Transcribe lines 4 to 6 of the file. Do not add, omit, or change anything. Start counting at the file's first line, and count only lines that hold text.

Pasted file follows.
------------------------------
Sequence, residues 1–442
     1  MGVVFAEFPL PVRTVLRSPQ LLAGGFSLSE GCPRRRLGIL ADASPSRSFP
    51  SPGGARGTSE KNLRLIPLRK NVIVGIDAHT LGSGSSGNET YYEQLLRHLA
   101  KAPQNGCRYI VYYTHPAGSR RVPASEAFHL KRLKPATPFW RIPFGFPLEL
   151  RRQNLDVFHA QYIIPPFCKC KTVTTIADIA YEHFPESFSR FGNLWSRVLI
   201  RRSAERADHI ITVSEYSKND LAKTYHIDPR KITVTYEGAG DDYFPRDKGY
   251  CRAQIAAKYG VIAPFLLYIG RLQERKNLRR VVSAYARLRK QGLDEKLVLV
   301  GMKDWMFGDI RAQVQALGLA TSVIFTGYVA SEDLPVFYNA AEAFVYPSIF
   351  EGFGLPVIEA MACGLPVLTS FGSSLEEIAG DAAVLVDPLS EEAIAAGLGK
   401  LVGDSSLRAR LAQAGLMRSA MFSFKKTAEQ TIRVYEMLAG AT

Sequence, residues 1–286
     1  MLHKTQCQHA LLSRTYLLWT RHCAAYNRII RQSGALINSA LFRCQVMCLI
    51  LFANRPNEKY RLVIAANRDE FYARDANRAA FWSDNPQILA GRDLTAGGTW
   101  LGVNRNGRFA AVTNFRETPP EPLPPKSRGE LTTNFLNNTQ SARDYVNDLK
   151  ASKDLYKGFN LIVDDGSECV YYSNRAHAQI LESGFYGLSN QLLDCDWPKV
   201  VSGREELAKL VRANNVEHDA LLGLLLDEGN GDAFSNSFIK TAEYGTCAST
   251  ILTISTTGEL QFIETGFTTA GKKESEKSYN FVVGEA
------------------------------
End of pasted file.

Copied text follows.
   101  KAPQNGCRYI VYYTHPAGSR RVPASEAFHL KRLKPATPFW RIPFGFPLEL
   151  RRQNLDVFHA QYIIPPFCKC KTVTTIADIA YEHFPESFSR FGNLWSRVLI
   201  RRSAERADHI ITVSEYSKND LAKTYHIDPR KITVTYEGAG DDYFPRDKGY